On the Programming of Computers by Means of Natural Selection
In this ground-breaking book, John Koza shows how this remarkable paradigm works and provides substantial empirical evidence that solutions to a great variety of problems from many different fields can be found by genetically breeding populations of computer programs.
Genetic programming may be more powerful than neural networks and other machine learning techniques, able to solve problems in a wider range of disciplines. In this ground-breaking book, John Koza shows how this remarkable paradigm works and provides substantial empirical evidence that solutions to a great variety of problems from many different fields can be found by genetically breeding populations of computer programs. Genetic Programming contains a great many worked examples and includes a sample computer code that will allow readers to run their own programs.In getting computers to solve problems without being explicitly programmed, Koza stresses two points: that seemingly different problems from a variety of fields can be reformulated as problems of program induction, and that the recently developed genetic programming paradigm provides a way to search the space of possible computer programs for a highly fit individual computer program to solve the problems of program induction. Good programs are found by evolving them in a computer against a fitness measure instead of by sitting down and writing them.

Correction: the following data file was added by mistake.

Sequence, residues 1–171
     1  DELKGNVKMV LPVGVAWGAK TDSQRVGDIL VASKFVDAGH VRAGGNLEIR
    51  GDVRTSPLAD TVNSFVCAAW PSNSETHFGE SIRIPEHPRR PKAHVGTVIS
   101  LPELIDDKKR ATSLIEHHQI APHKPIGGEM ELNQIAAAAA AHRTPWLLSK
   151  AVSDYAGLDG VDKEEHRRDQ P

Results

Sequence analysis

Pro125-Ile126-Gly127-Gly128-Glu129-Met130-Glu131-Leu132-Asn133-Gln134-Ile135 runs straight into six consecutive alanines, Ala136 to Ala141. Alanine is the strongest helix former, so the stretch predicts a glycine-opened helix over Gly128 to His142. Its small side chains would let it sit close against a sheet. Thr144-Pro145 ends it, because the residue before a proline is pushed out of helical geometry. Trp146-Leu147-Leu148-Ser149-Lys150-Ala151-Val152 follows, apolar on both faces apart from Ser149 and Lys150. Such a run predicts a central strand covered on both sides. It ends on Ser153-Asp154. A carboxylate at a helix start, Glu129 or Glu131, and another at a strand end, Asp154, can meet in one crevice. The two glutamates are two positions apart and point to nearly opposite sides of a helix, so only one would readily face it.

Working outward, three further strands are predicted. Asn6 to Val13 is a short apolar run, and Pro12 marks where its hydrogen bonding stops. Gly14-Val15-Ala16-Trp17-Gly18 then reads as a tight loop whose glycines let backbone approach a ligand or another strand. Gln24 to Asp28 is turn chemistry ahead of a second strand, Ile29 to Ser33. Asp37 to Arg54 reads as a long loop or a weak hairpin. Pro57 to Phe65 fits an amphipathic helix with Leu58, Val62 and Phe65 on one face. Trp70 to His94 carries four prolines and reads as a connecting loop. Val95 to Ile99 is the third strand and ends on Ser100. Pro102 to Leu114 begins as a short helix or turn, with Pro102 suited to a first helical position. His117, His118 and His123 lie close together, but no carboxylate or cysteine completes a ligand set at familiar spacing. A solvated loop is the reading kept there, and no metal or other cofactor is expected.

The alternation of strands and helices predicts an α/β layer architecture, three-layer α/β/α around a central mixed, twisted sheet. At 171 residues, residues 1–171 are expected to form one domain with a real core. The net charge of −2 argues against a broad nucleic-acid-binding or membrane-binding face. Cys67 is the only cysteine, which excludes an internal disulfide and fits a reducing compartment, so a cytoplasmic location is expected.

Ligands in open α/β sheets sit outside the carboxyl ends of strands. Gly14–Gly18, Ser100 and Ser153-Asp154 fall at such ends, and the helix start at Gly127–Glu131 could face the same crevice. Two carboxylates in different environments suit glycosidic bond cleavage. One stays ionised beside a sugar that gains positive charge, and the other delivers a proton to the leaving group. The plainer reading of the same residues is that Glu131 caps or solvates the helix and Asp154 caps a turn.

Hardcover$100.00 X | £77.00 ISBN: 9780262111706 836 pp. | 7 in x 10 in
Paperback$67.00 X | £52.00 ISBN: 9780262527910 836 pp. | 7 in x 10 in
John Koza has discovered a general and robust method of evolving computer programs that is effective over a breathtaking range of problems in applied mathematics, control engineering, and artificial intelligence.
Stewart W. Wilson
The Rowland Institute for Science
The research reported in this book is a tour de force. For the first time, since the idea was bandied about in the '40s and early '50s, we have a non-trivial, nontailored set of examples of automatic programming.
Professor of Psychology and Professor of Computer Science and Engineering, University of Michigan; External Professor, Santa Fe Institute